Natural resources, energy and environment
The Dominican Republic has significant nickel
resources and there are also gold, silver and some other
minerals. However, the mining industry has so far no
great significance for the economy. The energy needs
have so far been largely covered by imported oil, but
the electricity shortage is a major problem.
Nickel mining has long dominated the small mining
industry and provided some export earnings. In the fall
of 2012, however, two Canadian mining companies began
extracting gold from a mine in Pueblo Viejo, which in
the long term is expected to generate good income. The
mine is considered one of the largest in the world and
its operations represent the largest foreign investment
project in the country. There are also assets on silver,
copper and zinc. Salt is extracted near Lago Enriquillo
and from seawater.
Major exports by Dominican Republic with a full list of the top products exported by the country. Includes trade value in U.S. dollars and the percentage for each product category.
There are major shortcomings in the electricity
supply (see also Economic overview), as the electricity
grid is poorly developed and maintenance is neglected.
Long power outages and high electricity prices affect
both companies and private individuals and on several
occasions have led to popular dissatisfaction and social
unrest. Many rely on their own generators or steal
electricity through thieves.
Abbreviationfinder: A popular acronym site in the world covering abbreviation for each country. For example, DR stands for Dominican Republic. Visit itypeusa for more information about Dominican Republic.
The Dominican Republic lacks its own major energy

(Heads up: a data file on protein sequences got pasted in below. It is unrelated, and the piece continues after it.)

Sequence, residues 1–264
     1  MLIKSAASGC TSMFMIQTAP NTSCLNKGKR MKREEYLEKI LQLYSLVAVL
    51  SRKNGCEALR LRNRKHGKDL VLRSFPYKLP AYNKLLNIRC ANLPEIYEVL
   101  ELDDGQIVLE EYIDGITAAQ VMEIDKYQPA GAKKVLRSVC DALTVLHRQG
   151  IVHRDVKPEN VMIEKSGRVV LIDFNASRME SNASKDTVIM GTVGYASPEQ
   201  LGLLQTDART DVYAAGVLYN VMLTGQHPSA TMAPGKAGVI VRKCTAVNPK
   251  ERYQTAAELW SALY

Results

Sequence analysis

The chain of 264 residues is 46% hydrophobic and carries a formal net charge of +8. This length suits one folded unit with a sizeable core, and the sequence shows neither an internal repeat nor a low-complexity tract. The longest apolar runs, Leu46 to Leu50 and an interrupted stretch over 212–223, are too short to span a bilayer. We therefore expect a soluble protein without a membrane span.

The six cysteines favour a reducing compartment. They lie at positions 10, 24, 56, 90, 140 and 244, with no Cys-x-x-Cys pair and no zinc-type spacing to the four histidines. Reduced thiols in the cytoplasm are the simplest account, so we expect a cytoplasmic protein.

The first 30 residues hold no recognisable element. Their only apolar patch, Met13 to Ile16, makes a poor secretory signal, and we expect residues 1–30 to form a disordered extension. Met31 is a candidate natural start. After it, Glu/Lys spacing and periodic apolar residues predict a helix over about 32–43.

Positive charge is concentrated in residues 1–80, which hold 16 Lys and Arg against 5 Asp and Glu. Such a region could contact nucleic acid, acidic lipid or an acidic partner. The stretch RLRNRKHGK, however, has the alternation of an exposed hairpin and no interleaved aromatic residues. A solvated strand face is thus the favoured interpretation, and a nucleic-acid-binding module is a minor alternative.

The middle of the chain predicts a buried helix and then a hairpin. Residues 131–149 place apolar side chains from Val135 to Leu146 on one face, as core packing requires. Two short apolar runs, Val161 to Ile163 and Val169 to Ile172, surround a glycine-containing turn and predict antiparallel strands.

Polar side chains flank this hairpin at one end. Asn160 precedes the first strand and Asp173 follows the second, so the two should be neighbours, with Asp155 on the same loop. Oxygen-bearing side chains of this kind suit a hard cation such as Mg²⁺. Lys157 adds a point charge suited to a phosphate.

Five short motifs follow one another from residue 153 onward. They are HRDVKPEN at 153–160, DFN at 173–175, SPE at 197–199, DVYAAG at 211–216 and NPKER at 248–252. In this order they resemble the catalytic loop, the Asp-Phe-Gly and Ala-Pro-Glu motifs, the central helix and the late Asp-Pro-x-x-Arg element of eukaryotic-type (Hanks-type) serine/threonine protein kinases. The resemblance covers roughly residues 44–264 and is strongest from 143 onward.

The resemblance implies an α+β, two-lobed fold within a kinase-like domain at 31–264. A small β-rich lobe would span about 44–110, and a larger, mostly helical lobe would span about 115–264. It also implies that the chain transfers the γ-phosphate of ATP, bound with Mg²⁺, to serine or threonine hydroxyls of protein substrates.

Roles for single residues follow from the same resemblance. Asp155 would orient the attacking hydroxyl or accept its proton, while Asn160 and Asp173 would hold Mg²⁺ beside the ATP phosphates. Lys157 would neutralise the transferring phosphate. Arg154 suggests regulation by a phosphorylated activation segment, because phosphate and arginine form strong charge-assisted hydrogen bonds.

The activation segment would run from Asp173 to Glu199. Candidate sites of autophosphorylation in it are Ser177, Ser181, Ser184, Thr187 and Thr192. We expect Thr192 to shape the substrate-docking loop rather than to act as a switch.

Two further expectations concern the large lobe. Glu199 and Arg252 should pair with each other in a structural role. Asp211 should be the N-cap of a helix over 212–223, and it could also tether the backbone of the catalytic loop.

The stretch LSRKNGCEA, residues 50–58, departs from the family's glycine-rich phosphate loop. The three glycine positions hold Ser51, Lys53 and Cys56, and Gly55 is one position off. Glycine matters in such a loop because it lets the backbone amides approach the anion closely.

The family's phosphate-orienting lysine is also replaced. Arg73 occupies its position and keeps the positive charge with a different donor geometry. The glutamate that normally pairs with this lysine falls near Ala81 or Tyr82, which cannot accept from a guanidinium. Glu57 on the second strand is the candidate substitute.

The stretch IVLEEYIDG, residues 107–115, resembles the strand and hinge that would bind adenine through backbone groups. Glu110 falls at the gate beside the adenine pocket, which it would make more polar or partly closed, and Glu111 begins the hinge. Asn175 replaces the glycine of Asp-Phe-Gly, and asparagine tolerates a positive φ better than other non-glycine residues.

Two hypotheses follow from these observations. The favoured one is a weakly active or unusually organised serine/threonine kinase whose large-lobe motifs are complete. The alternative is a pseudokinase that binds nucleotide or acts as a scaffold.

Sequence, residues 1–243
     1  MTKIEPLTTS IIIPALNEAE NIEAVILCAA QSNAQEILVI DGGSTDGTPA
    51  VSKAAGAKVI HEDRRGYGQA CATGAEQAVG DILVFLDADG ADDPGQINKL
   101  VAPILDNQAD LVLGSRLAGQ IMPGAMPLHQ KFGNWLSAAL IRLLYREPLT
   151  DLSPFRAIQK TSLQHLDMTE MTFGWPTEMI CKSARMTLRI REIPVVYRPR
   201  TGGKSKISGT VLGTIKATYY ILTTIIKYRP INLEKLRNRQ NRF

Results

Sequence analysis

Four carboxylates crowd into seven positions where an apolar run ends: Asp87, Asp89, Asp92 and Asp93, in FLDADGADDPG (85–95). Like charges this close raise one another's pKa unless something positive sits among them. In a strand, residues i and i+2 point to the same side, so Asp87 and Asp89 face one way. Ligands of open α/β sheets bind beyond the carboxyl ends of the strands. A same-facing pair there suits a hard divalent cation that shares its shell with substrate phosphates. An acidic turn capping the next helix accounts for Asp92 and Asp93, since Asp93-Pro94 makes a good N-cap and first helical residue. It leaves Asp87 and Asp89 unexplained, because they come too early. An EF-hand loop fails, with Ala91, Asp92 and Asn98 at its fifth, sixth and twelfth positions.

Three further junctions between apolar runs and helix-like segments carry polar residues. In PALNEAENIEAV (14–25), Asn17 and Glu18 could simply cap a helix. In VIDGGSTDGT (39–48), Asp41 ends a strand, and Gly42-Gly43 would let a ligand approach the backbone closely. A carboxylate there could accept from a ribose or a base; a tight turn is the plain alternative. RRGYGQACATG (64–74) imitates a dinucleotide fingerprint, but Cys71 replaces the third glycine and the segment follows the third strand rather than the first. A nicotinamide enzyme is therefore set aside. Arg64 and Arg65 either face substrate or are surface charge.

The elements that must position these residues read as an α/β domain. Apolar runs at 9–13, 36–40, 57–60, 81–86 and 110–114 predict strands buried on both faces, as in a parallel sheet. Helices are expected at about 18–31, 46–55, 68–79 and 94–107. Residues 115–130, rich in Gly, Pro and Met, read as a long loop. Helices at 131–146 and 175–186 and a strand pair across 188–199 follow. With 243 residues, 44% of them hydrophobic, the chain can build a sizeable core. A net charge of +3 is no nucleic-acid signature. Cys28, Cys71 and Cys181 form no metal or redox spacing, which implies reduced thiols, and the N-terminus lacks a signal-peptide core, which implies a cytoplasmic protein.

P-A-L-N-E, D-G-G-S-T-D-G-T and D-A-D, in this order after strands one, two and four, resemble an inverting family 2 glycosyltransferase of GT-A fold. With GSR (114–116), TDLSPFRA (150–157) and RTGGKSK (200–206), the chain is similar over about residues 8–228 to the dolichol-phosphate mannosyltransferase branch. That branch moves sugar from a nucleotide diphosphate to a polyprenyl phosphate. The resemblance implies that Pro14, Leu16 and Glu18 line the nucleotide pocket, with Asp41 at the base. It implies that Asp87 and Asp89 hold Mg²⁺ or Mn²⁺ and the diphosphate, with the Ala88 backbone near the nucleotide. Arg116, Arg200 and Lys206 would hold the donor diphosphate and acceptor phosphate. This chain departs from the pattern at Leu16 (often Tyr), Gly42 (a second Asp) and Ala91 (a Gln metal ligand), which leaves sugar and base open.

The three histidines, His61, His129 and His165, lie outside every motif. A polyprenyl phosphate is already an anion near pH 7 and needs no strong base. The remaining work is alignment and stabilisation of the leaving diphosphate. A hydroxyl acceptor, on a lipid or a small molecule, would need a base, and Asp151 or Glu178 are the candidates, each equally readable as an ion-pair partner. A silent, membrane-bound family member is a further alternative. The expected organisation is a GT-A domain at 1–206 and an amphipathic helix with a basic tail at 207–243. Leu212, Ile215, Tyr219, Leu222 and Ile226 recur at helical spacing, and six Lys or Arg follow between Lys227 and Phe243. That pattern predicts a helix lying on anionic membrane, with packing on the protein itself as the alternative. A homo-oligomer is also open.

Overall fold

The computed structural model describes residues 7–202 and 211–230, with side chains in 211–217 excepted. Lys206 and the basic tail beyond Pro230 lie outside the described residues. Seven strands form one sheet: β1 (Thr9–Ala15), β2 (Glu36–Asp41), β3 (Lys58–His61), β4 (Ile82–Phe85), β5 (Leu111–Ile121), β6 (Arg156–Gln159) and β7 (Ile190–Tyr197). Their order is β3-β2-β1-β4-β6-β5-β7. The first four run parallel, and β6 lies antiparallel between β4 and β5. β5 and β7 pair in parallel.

resources. For a long time, mainly oil was imported from
Venezuela on favorable terms according to the so-called
Petrocaribe program, but the uncertain economic and
political situation in Venezuela has led to attempts to
use other energy sources as well. In particular, a state
/ private joint venture has been invested in which two
coal-fired power plants in Punta Catalina, despite
protests from, among other environmental organizations,
hope to increase energy supply by 20 percent. There are
also plans to extract biofuel from sugarcane and from
the jatropha oil plant.
A little over a quarter of the country is covered by
forest, but logging is an environmental problem. Even
unplanned construction is a threat to the environment,
especially on the coasts.
FACTS - ENERGY AND ENVIRONMENT
Energy use per person
734 kilos of oil equivalent (2014)
Electricity consumption per person
1578 kWh, kWh (2014)
Carbon dioxide emissions in total
21 540 thousand tonnes (2014)
Carbon dioxide emissions per inhabitant
2.1 tonnes (2014)
The share of energy from renewable sources
16.5 percent (2015)